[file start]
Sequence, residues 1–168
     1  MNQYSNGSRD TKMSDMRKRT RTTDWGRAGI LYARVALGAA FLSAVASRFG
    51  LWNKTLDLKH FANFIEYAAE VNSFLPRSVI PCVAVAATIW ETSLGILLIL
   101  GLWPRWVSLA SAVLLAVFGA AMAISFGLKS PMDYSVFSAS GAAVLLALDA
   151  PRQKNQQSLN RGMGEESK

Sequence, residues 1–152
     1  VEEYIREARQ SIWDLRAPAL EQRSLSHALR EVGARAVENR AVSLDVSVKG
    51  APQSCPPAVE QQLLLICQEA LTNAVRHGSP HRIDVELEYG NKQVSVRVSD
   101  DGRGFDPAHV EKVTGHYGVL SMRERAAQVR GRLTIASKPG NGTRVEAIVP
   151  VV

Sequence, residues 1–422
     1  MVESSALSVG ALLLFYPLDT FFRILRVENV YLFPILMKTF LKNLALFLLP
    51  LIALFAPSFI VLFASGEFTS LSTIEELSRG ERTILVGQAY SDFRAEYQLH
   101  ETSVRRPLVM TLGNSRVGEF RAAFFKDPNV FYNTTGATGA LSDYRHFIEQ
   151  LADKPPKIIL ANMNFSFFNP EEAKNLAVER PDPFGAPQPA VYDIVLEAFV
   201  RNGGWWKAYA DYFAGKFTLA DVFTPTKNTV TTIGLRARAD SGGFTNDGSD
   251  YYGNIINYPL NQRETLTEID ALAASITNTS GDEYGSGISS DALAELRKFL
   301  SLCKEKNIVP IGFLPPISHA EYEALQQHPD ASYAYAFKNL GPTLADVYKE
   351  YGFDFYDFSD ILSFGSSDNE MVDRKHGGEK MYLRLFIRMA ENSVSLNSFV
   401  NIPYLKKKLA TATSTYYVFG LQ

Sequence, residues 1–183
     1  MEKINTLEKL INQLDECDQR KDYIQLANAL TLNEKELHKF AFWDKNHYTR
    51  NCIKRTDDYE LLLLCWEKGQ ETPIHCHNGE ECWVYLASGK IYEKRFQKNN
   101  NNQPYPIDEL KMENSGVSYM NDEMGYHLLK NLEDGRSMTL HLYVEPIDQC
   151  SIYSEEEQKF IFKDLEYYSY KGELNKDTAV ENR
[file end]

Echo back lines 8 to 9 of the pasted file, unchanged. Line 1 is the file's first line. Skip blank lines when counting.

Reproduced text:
    51  APQSCPPAVE QQLLLICQEA LTNAVRHGSP HRIDVELEYG NKQVSVRVSD
   101  DGRGFDPAHV EKVTGHYGVL SMRERAAQVR GRLTIASKPG NGTRVEAIVP